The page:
“A sweaty body is a healthy body.”
Whether or not that statement is actually true, physical education teachers around the world have shouted it to thousands of kids as they’ve run laps over the decades. And while the claim is not at all specific in how sweat might help the skin, it just feels right. But is it?
Turns out, sweating is good for the skin in primary and secondary ways. We’ll start with the secondary. Most of us sweat profusely when we exercise. And exercise, it has been shown, stimulates the skin to grow in more healthy ways, particularly in the ways that the effects of aging accumulate over time. This is due to many causes not directly related to sweat, but because sweat is so closely associated with vigorous exercise. We can at least affirm that the old saying of “a sweaty body is a healthy body” is at least partially correct.
So exercise is healthy for the skin – no surprise there. But in what ways might sweating be directly healthy for our skin? For this insight, we’ll look to the book “The Beauty of Dirty Skin: The Surprising Science of Looking and Feeling Radiant from the Inside Out” by doctor Whitney Bowe, a dermatologist. Dr. Bowe says:
“Sweat contains natural alternatives to antibiotics called antimicrobial peptides. The specific antimicrobial peptide in sweat, dermcidin, is pumped onto the skin via the sweat glands and coats the skin, thereby providing protection against infection from other microbes and harmful germs.”
Microbes and germs, another study reminds us, are responsible for numerous skin problems, including pimples, boils, impetigo, and folliculitis. We learn from Dr. Bowe that by sweating with regularity, we can counteract some of the effects that these natural microbes have on our skin’s health.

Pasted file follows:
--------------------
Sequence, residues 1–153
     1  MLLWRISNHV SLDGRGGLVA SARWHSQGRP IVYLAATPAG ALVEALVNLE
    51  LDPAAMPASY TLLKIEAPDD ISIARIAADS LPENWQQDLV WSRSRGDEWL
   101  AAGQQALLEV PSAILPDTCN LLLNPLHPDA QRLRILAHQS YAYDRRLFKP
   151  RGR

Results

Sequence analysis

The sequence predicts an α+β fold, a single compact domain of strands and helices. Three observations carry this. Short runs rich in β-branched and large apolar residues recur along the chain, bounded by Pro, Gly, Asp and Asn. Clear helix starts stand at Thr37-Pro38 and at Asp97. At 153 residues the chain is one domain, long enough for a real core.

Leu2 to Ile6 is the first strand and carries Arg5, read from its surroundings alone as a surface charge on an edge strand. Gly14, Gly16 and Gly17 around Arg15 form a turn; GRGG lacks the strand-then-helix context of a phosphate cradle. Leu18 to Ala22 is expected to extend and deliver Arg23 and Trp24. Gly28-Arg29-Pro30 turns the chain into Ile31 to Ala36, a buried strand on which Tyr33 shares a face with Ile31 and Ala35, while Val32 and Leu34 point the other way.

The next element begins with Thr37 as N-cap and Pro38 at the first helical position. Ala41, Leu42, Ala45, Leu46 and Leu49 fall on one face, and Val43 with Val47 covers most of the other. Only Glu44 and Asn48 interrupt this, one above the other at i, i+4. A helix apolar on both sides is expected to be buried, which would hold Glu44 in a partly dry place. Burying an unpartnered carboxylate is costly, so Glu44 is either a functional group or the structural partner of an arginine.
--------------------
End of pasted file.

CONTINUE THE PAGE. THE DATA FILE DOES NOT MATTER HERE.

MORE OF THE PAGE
Perhaps this is one of the reasons that saunas have been so popular for centuries. Although the notion of “sweating out toxins,” Dr. Bowe reminds us, is for the most part a myth.
So sweat is good, but is too much sweat a bad thing? Dr. Bowe has information for us once again. She says, “If sweat sits on the skin too long, it can irritate the skin. Specifically, the ammonia and urea in sweat can cause irritation and inflammation if left on skin too long. The sodium in sweat can dehydrate skin if left too long on the surface, and the evaporation of sweat from skin can aggravate people prone to eczema.”
So there you have it. Sweating is good, and you should do it in dedicated workouts regularly. But also make sure that you hit the showers after working out at the gym.
Of course, there are some skin challenges that go along with sweating. Because you’re likely not going to the gym right now because of Covid-19, you may be forced to work out outside. Outdoor workouts mean fending with the elements: the sun, the cold, the wind, and the dry (or excessively humid) air. Any of these factors can damage your skin. Fortunately, there are ways to give back what the stress of any workout takes from our skin.
Cosmesis Healing Vitamin K Cream from Life Extension , Jade Facial Travel Kit – Normal to Dry Skin from Jadience Herbal Formulas, and Balancing Day Lotion will each have a restorative effect on your skin, whether you’re recovering from a workout, or are merely wishing to moisturize after a cleansing shower. Whatever the case, we hope you find that sweat helps your skin, and that you find a way to get sweaty that works perfectly for your situation.